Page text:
Friday, we had the monsoon flash floods and waterfall.
Yesterday, we went on a driving tour of the Pinals. Very beautiful. The buzzards lurk at the trailheads for unsuspecting hikers who might come along and collapse at their feet.
Today. Today, Freckles got us up early, especially so we could go along Route 288. One of the returning Hot Shots (wildfire fire fighters) we met at the Pinal Ranger Station suggested we go to Young (after Brigham, I presume), north of here, on the east side of the Tonto Mountains. There is a turn-off to an excellent waterfall (which we did not see because… Well, turning off Route 288 is um, well, ah…), and the “best restaurant in the county” – which wasn’t open. (More on Young when we get that far.)
Do you recall hearing stories about roads in the mountains that are barely one lane, with no guardrail, but an amazing view of canyons and mountains in the distance? Well. I can get you there. The Sierra Anchas are something to behold. However, I thankfully note: none of the “Survivalist Rendezvous” folks were early risers. Otherwise, we may have needed to negotiate how their half-ton truck with camper and/or quads and trailer and I were going to pass on the barely-over-one-lane dirt windowsill labeled “Route 288”. We met along a wider part of the road a little farther along.
Very peculiar to note: The only woman I saw along the whole route was a shapely blond at one of the campgrounds. Otherwise, it was strictly men in all the trucks we passed. Who would want to survive if it were only men?
The scenery is amazingly beautiful. The higher we went the more familiar were the trees: pine, black locust, sumac, etc. There is a fragrant white bell-shaped flower, too, whose aroma blends nicely with the pine. Maybe okra? (Not okra. But thankfully, I did not pick it. It is poisonous to the touch. Ah, Arizona….)
We found a lovely pull-off at the entrance to two ranches. I was a little nervous when the pickup came up from below. We weren’t trespassing, just using their driveway as a parking space so all of us could have a walk-about. No worries. The man greeted us kindly, and wished us a good afternoon. Interesting face on that guy. Such blue eyes – steely blue.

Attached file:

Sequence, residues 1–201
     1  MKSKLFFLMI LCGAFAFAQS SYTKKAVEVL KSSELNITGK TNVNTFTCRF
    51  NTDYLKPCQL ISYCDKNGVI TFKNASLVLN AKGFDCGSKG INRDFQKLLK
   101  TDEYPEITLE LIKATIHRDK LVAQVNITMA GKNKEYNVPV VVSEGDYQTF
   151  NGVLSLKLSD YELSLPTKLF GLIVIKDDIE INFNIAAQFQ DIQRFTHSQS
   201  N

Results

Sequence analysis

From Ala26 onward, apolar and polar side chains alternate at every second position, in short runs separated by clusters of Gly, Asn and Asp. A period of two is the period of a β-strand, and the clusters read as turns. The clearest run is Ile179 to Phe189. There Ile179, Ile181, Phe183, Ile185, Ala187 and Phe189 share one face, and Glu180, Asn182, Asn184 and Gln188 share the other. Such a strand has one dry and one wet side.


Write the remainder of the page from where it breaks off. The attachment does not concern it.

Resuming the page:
Like I said. The scenery is amazingly beautiful.
I was very happy to be traveling among endless views of pine. I felt like we had found the Vermont/New Hampshire part of Arizona. Like maybe I’d be able to be at home here, and not have to go to Colorado for familiar trees and clear water brooks. Don’t worry, though. I am in no hurry to go hiking or camping alone. This is not New England, and there are warnings posted – bear, wild cats, etc. We’ll make new friends who like to go camping. I’ll bring the air horn.
Traveling at a top speed of 17 miles per hour, we finally rattled into Young. Grassland. A regular town, located in Pleasant Valley. It is very pleasant. This is true. However, at 10:47 a.m., with 81 degrees Fahrenheit, on a Sunday morning, the only people we saw were in trucks – and then we only saw two trucks. There were two horses corralled at one farm. And two horses corralled at another. In one yard there were three children playing quietly with something on the ground between them. No businesses were open. The EXXON sign was a ruse. Pleasant Valley was pleasant, but eerily void of visible life. Kind of creepy, actually.
We kept driving. At the intersection at the other end of town, we had to decide which dirt road to take. There was no scarecrow, no yellow brick road. We opted for straight ahead. Eventually, we came out on Route 260 – and a travel line miles long. I had heard about the exodus from “the Valley” up to the mountains, and the return from exile on Sunday. What a mad change from such bucolic wanderings we’d had this weekend. I was very happy to find our way back to our home. I’m even beginning to recognize cliffs and hilltops along the way. Made me feel like I live here. Now if I can only get used to javelinas….